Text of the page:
University Library Advisory Council (ULAC)



ULAC is composed of the directors of the 17 University Libraries and a representative from UNC General Administration. The current Chair is Janice S. Lewis, Director of Academic Library Services, ECU. Anne Cooper Moore, Dean of Libraries at University of North Carolina Charlotte, serves as Vice Chair/Chair Elect and Dennis M. Swanson, Dean of Libraries at University of North Carolina at Pembroke is Secretary. Vickie Coleman, Dean of Library Services, North Carolina A&T State University is the immediate past Chair.

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Vision and Mission for ULAC

Meeting Schedule 2015-16

Meeting Notes 2015-16




Appalachian State UniversityJoyce Ogburn
East Carolina University
Jan Lewis
Elizabeth City State UniversityJuanita Midgette
Fayetteville State UniversityBobby Wynn
North Carolina A&T State UniversityVicki Coleman
North Carolina Central UniversityTheodosia Shields
North Carolina State University
 Susan Nutter
UNC AshevilleLeah Dunn
UNC-Chapel HillSarah Michalek
UNC CharlotteAnne Moore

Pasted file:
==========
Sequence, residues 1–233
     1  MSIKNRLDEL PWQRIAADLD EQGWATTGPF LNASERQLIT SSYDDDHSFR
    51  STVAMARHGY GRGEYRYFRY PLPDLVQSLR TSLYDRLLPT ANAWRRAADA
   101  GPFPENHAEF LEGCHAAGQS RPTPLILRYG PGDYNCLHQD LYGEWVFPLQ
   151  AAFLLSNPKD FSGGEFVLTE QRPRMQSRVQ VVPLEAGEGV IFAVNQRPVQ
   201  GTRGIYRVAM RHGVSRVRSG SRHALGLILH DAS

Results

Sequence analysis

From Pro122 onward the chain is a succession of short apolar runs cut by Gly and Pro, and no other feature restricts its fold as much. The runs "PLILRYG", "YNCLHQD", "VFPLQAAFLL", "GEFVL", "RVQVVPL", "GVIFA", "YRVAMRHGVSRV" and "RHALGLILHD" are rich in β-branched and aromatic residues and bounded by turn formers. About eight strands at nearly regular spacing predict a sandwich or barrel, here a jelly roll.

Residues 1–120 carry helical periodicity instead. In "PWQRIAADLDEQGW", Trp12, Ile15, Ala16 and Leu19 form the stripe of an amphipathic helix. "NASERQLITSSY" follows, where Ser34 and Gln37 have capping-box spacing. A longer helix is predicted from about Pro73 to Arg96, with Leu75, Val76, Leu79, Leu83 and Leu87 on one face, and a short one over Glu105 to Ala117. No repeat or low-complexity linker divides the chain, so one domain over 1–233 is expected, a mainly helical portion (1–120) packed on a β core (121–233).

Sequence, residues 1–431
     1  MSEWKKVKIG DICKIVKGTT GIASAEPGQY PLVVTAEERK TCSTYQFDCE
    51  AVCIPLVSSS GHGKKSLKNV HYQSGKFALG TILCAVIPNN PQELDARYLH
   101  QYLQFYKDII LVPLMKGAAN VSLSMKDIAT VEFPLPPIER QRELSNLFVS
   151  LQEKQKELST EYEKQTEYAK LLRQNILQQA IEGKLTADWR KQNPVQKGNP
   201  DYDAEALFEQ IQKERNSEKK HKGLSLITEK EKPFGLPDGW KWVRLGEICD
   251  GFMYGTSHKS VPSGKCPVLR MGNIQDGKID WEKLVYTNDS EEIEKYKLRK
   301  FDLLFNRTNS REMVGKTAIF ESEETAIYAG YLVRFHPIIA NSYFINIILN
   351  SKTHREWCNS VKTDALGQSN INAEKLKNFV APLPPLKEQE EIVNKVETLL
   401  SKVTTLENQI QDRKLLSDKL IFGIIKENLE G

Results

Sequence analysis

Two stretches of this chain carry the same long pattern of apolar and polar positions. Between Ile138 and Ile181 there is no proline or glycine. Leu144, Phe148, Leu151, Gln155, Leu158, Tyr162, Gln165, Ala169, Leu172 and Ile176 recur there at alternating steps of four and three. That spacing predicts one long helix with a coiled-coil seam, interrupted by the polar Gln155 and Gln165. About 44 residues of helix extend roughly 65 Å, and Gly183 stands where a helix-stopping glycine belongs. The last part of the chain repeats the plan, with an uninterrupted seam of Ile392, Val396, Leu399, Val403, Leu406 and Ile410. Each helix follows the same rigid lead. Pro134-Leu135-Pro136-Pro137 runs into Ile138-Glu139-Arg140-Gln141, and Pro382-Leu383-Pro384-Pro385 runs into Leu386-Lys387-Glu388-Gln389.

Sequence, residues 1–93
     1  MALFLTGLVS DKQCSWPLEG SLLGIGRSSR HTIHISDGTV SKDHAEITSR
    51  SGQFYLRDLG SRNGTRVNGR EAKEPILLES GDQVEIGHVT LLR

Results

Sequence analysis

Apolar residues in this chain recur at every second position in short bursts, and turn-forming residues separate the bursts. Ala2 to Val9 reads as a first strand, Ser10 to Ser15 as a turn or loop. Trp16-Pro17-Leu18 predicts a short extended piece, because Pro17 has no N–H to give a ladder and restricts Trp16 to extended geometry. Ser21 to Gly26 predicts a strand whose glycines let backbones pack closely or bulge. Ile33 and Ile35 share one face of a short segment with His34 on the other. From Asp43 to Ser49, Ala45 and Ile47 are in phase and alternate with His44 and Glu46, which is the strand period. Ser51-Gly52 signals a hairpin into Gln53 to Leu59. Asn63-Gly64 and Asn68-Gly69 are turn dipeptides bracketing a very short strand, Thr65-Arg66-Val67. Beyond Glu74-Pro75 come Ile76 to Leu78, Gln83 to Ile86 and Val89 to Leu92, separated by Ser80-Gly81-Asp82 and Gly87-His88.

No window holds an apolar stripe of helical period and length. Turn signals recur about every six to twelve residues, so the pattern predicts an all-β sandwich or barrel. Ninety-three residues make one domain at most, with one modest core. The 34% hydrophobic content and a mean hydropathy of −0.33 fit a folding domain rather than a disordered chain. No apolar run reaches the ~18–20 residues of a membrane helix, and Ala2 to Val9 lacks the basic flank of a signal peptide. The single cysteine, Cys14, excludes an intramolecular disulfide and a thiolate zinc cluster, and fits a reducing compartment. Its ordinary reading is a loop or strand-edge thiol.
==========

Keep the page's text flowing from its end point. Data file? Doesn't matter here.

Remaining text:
UNC GreensboroRosann Bazirjian
UNC PembrokeSusan Whitt
UNC WilmingtonSarah Watstein 
University of North Carolina School of the ArtsVicki Weavil
Western Carolina UniversityFaraneh Razzaghi
Winston-Salem State UniversityLizzy Alston-Reeder
North Carolina School of Science & MathematicsRobin Boltz
UNC General Administration

Kelley Gregory


Efficiences Working Group

UNC E-Journal Efficiencies Working Group Assesment of Improvements in 2014

Background for this document:

In early 2012, UNC General Administration and the NC Office of State Budget and Management hired an outside consultant (Dan Costello) to identify potential collaborative efficiencies of six program areas within the UNC System, one being e‑journal acquisitions. The consultant worked with UNC Libraries to gather and analyze the system’s e-journal cost and usage data for the calendar years 2009-11. His final report recommended that the UNC Libraries develop and implement a five year plan to improve the cost/benefit ratio of our e-journal subscriptions system-wide. ULAC responded by appointing the E‑Journal Efficiencies Working Group. The Working Group developed a multi-pronged strategy (see Appendix 1), including five annual assessments to ensure that the strategies produce positive results. This document is the third such annual report, focusing on 2014.